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Demographics of the galaxies hosting short-duration gamma-ray bursts

Fong, W, Berger, E, Chornock, R, Margutti, R, Levan, AJ, Tanvir, NR, Tunnicliffe, RL, Czekala, I, Fox, DB, Perley, DA, Cenko, SB, Zauderer, BA, Laskar, T, Persson, SE, Monson, AJ, Kelson, DD, Birk, C, Murphy, D, Servillat, M and Anglada, G (2013) Demographics of the galaxies hosting short-duration gamma-ray bursts. The Astrophysical Journal, 769 (1). ISSN 1538-4357

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We present observations of the afterglows and host galaxies of three short-duration gamma-ray bursts (GRBs): 100625A, 101219A, and 110112A. We find that GRB 100625A occurred in a z = 0.452 early-type galaxy with a stellar mass of ≈4.6 × 109M and a stellar population age of ≈0.7 Gyr, and GRB 101219A originated in a star-forming galaxy at z = 0.718 with a stellar mass of ≈1.4 × 109M, a star formation rate of ≈16 M yr-1, and a stellar population age of ≈50 Myr. We also report the discovery of the optical afterglow of GRB 110112A, which lacks a coincident host galaxy to i ≳ 26 mag, and we cannot conclusively identify any field galaxy as a possible host. From afterglow modeling, the bursts have inferred circumburst densities of ≈10 -4-1 cm-3 and isotropic-equivalent gamma-ray and kinetic energies of ≈1050-1051 erg. These three events highlight the diversity of galactic environments that host short GRBs. To quantify this diversity, we use the sample of 36 Swift short GRBs with robust associations to an environment (∼1/2 of 68 short bursts detected by Swift to 2012 May) and classify bursts originating from four types of environments: late-type (≈50%), early-type (≈15%), inconclusive (≈20%), and "host-less" (lacking a coincident host galaxy to limits of ≳ 26 mag; ≈15%). To find likely ranges for the true late- and early-type fractions, we assign each of the host-less bursts to either the late- or early-type category using probabilistic arguments and consider the scenario that all hosts in the inconclusive category are early-type galaxies to set an upper bound on the early-type fraction. We calculate most likely ranges for the late- and early-type fractions of ≈60%-80% and ≈20%-40%, respectively. We find no clear trend between gamma-ray duration and host type. We also find no change to the fractions when excluding events recently claimed as possible contaminants from the long GRB/collapsar population. Our reported demographics are consistent with a short GRB rate driven by both stellar mass and star formation. © 2013. The American Astronomical Society. All rights reserved.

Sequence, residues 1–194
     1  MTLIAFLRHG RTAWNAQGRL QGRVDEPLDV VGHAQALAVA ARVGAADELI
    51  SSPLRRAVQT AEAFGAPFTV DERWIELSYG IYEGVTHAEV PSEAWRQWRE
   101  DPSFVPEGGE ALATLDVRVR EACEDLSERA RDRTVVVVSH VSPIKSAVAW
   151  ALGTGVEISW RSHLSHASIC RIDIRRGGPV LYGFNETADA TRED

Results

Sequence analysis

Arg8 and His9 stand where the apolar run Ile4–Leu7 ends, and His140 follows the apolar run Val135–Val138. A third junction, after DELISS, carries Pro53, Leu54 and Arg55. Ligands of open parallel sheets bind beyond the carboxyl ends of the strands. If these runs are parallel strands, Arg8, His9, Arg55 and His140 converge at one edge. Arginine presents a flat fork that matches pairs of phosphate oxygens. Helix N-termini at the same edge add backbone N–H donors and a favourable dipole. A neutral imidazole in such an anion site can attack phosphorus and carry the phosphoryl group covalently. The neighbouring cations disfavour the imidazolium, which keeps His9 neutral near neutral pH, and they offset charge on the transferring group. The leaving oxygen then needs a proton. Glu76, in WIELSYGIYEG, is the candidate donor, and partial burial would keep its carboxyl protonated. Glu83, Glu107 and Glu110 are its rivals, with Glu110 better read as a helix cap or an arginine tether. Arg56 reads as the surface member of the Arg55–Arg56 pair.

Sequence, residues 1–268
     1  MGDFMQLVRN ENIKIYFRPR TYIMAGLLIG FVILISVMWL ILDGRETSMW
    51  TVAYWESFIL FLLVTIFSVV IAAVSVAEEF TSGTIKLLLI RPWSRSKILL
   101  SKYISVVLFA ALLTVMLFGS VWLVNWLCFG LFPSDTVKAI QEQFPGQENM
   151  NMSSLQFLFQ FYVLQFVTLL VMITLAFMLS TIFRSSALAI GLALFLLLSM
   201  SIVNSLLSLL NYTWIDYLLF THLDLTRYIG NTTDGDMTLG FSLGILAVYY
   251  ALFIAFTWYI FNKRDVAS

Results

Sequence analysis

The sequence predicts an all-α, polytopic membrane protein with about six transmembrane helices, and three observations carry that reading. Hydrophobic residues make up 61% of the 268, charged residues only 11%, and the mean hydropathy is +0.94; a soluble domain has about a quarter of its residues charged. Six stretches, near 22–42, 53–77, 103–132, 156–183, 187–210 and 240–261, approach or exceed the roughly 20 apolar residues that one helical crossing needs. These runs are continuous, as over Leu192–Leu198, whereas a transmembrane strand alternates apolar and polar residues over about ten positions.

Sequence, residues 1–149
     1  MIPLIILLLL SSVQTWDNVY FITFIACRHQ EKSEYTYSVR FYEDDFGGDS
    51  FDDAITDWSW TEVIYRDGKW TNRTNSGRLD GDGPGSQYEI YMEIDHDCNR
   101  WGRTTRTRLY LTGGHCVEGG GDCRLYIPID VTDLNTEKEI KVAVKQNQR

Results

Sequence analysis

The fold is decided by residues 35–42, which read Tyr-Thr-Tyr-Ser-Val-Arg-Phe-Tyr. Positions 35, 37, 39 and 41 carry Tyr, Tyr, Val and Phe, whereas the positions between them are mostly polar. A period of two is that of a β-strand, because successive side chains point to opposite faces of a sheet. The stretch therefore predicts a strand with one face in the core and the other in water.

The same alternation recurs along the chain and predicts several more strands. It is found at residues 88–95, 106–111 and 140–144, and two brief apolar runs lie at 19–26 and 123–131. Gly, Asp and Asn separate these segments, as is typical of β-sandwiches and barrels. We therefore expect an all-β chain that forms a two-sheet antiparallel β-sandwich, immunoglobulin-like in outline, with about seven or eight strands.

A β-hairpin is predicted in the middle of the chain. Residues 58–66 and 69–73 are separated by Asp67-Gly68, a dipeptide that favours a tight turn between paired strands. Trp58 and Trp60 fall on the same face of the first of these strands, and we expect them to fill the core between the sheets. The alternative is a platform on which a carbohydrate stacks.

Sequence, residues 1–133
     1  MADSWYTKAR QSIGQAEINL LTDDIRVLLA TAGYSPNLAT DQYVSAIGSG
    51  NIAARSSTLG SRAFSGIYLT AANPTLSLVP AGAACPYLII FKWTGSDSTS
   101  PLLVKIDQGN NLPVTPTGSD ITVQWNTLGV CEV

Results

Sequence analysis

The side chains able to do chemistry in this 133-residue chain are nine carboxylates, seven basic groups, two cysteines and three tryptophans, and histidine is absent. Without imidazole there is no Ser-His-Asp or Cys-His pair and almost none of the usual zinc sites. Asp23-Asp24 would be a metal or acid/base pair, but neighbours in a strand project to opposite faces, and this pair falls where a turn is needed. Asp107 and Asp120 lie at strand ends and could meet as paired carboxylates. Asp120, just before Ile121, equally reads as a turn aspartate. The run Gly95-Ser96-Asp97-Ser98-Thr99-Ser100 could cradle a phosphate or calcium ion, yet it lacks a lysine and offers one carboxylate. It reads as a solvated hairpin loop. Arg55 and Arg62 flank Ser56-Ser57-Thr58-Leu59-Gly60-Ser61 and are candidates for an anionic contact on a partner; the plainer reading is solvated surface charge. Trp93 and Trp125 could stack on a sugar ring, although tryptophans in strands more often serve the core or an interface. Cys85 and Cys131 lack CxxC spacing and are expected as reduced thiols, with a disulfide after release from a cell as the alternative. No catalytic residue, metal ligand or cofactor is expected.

Item Type: Article
Uncontrolled Keywords: 0201 Astronomical And Space Sciences, 0305 Organic Chemistry, 0306 Physical Chemistry (Incl. Structural)
Subjects: Q Science > QB Astronomy
Q Science > QC Physics
Divisions: Astrophysics Research Institute
Publisher: American Astronomical Society
Date Deposited: 18 May 2017 08:33
Last Modified: 26 Apr 2022 14:13
DOI or ID number: 10.1088/0004-637X/769/1/56
URI: https://researchonline.ljmu.ac.uk/id/eprint/6462
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